See IRS Publication 503, Child and Dependent Expense, for more information at http://www.irs.gov/pub/irs-pdf/p503.pdf for more information.

How do I plan my deposits?

Each year you must decide, in advance, what your deposit to your Dependent Care Account will be.  However, any changes you make to your amount must correspond and be consistent with the event permitting the election change.  For example: if you add a dependent, the deposit amount could increase.  Events permitting a change include:

  • Change in legal marital status, including marriage, death of spouse, divorce, legal separation or annulment.
  • The Judgment, Decree or Order requiring a change in health coverage for your child.
  • Change in the number of tax dependents, including birth, adoption, placement for adoption, commencement or termination of adoption proceeding, or death of dependent.
  • Change in employment status of the employee, spouse or dependent including:
    • Termination or commencement of employment;
    • Commencement or return from an unpaid leave of absence;
    • Commencement or termination of strike or lockout; or
    • Change from salaried to hourly which causes or terminates eligibility under a plan.
  • The dependent satisfies or ceases to satisfy the requirements for coverage due to attainment of age, student status or any similar circumstances as provided under the accident or health plan under which the employee receives coverage.
  • A change in the place of residence or work site of the employee, spouse or dependent.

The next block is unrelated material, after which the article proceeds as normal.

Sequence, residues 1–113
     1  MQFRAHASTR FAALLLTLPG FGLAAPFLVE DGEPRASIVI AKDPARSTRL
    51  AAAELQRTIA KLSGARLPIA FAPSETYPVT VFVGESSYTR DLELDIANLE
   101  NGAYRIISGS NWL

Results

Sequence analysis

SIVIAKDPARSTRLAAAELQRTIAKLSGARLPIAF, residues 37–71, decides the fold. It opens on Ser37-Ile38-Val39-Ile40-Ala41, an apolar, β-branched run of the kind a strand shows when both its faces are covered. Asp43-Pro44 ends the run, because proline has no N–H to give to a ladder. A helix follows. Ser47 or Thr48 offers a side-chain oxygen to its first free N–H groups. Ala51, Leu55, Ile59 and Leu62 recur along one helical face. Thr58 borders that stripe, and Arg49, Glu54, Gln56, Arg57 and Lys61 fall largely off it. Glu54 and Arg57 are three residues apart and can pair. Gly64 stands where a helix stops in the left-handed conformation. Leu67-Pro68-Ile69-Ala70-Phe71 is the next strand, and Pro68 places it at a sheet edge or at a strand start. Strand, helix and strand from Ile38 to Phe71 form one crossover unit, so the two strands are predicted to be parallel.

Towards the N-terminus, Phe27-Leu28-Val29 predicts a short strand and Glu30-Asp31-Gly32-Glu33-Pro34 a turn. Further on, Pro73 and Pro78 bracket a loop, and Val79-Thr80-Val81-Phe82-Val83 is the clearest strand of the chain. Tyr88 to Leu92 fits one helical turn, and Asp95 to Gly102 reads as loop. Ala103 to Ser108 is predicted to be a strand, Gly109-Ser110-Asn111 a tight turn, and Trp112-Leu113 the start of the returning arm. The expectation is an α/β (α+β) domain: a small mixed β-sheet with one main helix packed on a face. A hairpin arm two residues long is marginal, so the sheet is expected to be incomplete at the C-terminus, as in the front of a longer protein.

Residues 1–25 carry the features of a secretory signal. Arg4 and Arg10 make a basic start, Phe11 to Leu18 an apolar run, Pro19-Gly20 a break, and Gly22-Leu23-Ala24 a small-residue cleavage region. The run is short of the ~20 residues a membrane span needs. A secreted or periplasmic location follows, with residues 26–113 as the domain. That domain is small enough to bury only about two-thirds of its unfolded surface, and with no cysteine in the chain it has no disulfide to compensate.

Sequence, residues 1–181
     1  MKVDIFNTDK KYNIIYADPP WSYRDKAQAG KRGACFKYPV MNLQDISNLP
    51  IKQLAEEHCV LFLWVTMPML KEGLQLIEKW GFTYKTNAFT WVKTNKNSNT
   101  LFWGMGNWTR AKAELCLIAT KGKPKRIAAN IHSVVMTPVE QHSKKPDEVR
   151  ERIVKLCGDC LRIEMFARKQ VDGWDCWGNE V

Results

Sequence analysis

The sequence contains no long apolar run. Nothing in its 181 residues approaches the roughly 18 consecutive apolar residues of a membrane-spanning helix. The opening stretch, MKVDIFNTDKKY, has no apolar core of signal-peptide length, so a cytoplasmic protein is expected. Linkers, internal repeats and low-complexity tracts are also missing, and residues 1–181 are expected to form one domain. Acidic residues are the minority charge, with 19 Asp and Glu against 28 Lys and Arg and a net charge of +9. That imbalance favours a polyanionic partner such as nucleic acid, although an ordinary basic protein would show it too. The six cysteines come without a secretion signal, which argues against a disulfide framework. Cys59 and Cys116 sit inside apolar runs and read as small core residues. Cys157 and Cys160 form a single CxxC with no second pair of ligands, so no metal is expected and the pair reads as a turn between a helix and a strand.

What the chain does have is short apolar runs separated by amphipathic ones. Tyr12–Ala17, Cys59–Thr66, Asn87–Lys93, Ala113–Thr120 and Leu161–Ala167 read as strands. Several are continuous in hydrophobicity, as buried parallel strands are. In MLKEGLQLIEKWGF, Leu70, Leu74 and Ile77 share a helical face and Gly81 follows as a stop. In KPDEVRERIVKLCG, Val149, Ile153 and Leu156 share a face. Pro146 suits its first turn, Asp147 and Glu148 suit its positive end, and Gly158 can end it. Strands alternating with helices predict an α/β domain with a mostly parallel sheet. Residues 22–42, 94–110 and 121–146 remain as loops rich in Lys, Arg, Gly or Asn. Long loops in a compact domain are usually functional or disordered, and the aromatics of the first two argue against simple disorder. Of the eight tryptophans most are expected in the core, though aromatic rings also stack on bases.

• A change in the spouse’s or dependent’s coverage under another employer’s plan including election and open enrollment changes.
  • Gain or loss of Medicare or Medicaid entitlement.
  • The taking of a leave under the Family Medical Leave Act (FMLA).
  • Termination of employment for a period exceeding 30 days.
  • Eligibility for COBRA continuation coverage by the employee, spouse or dependent under the University’s group health plan.

Should your family status change and you decide to begin, discontinue, or change the amount of your deposits, please notify the Human Resources Department within 30 days of the date of your family status change.  The IRS requires that any money remaining in your account(s) at year-end must be forfeited.  In order to maximize the tax advantages offered through the reimbursement accounts, you should estimate your health care and your dependent care expenses carefully before the beginning of each year.

What is the maximum allowable deposit?

If you decide to participate in this account, you must choose the amount of before-tax pay you want deposited to your account for the year. 

Your deposits to the flex health care account can range from a minimum of $100 to a maximum of $2,500 annually for year 2013. Deposits into the Dependent Care flex account can range from a minimum of $100 to a maximum of $5,000 annually.

Your deposits are deducted from your pay before federal, state, and Social Security taxes have been deducted.  This reduces your taxable income and your tax obligation.

How do I enroll?

Enrollment in these accounts will be possible only during the flexible spending open enrollment period which is one month each year (i.e., November).  New hires may participate upon hire, however, a decision must be made and forms returned to Human Resources within 30 days of hire.  Only expenses you incur on or after the first day of the plan year, i.e., January 1st (or your participation in this plan, if later) will be eligible for reimbursement.

How am I reimbursed?

Use your takecare® VISA® card to pay for eligible expenses.  If your daycare provider does not accept the takecare® VISA® card, follow the steps outlined at takecarewageworks.com to file a manual reimbursement.